Bank Equity Ownership and Corporate Hedging: Evidence from Japan
Journal of Corporate Finance
This study examines the relation between bank equity ownership and corporate hedging in Japan, an economy where banks are allowed, to a certain limit, to hold shares of firms to which they lend funds. The results show that bank equity ownership is positively related to the corporate usage of derivatives. We also find very little evidence that firm-level financial constraints affect derivatives usage. We further analyze the relation between derivatives usage and firm value to assess whether derivatives usage is driven by bank rent-seeking or speculative behavior. We find that derivatives usage is positively related to firm value providing support to the notion that bank equity ownership increases corporate hedging which, in turn, leads to high firm valuation. Robustness tests show that the relation between hedging and main bank equity ownership is not driven by endogeneity. In the end, our findings suggest that corporate hedging is driven by risk-averse incentives resulting from bank monitoring. We conclude that, in addition to relevant economic factors, ownership structure can also affect corporate hedging behavior.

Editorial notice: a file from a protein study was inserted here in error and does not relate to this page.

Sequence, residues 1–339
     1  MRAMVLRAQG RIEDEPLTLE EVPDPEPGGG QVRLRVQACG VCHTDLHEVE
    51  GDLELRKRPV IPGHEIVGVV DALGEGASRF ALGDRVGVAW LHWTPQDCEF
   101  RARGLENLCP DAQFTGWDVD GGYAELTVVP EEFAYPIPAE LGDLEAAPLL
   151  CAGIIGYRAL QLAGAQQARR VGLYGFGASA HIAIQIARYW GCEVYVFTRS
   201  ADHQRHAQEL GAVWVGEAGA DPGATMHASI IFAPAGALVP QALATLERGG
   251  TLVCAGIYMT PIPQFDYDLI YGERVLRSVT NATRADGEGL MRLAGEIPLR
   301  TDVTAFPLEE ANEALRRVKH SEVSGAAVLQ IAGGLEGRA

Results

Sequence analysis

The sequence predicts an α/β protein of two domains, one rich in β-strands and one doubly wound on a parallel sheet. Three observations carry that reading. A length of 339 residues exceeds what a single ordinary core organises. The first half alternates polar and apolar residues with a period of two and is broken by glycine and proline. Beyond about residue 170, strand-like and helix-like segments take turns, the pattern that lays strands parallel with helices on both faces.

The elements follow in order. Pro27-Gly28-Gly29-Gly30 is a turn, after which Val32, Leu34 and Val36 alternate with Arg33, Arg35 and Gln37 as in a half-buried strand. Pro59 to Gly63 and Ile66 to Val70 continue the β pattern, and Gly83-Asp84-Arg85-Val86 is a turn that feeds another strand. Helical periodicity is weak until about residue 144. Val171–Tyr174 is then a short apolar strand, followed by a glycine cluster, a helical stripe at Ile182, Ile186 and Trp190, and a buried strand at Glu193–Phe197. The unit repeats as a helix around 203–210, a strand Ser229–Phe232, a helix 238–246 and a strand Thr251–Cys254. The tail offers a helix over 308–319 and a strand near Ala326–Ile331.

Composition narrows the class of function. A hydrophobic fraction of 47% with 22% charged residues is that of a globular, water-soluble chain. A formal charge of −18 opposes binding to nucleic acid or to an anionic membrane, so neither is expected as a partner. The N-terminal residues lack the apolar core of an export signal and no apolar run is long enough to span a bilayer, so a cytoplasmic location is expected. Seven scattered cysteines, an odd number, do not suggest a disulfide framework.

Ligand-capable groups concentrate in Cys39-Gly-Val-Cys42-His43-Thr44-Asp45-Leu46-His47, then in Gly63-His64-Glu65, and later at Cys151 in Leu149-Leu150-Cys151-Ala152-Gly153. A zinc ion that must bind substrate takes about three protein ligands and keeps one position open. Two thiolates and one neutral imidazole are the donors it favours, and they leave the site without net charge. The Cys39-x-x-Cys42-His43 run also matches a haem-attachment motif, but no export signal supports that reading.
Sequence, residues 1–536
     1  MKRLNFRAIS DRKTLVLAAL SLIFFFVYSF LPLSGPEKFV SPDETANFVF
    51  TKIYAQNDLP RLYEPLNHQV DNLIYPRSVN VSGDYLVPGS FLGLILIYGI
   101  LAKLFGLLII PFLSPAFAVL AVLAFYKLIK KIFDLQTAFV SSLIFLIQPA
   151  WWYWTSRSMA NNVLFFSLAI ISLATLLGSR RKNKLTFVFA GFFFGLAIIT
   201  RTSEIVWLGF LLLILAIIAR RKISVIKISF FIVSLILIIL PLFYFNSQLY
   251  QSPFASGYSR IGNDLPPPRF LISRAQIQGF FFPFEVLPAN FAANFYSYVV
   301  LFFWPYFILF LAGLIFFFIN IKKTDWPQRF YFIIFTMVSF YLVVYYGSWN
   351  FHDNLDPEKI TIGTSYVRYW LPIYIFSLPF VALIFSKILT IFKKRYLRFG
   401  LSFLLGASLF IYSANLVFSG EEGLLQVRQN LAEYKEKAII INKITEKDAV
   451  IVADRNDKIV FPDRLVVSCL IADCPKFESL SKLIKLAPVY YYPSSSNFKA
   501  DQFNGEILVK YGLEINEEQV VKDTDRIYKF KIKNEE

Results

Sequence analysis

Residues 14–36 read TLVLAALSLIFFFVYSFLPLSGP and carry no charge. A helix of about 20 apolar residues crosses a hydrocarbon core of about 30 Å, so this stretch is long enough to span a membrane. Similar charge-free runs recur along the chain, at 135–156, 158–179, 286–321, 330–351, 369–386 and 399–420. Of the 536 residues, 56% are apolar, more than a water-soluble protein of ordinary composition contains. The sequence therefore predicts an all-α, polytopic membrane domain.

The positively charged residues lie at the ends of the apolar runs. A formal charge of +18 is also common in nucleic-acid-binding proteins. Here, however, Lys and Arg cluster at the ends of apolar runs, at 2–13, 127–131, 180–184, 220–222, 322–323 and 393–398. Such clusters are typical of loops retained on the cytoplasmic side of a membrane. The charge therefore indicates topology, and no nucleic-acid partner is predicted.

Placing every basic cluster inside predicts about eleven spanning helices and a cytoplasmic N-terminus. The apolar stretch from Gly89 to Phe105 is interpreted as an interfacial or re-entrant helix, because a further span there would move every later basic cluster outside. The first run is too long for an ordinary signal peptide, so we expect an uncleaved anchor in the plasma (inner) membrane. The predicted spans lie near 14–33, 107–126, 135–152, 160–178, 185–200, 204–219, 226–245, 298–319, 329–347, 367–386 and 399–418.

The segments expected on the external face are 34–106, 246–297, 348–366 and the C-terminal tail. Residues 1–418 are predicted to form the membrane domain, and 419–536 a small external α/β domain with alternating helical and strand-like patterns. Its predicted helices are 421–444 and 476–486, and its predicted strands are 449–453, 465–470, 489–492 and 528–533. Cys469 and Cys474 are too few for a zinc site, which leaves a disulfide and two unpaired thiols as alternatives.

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Limpaphayom, P., Rogers, D. A., & Yanase, N. (2019). Bank equity ownership and corporate hedging: Evidence from Japan. Journal of Corporate Finance, 58, 765-783.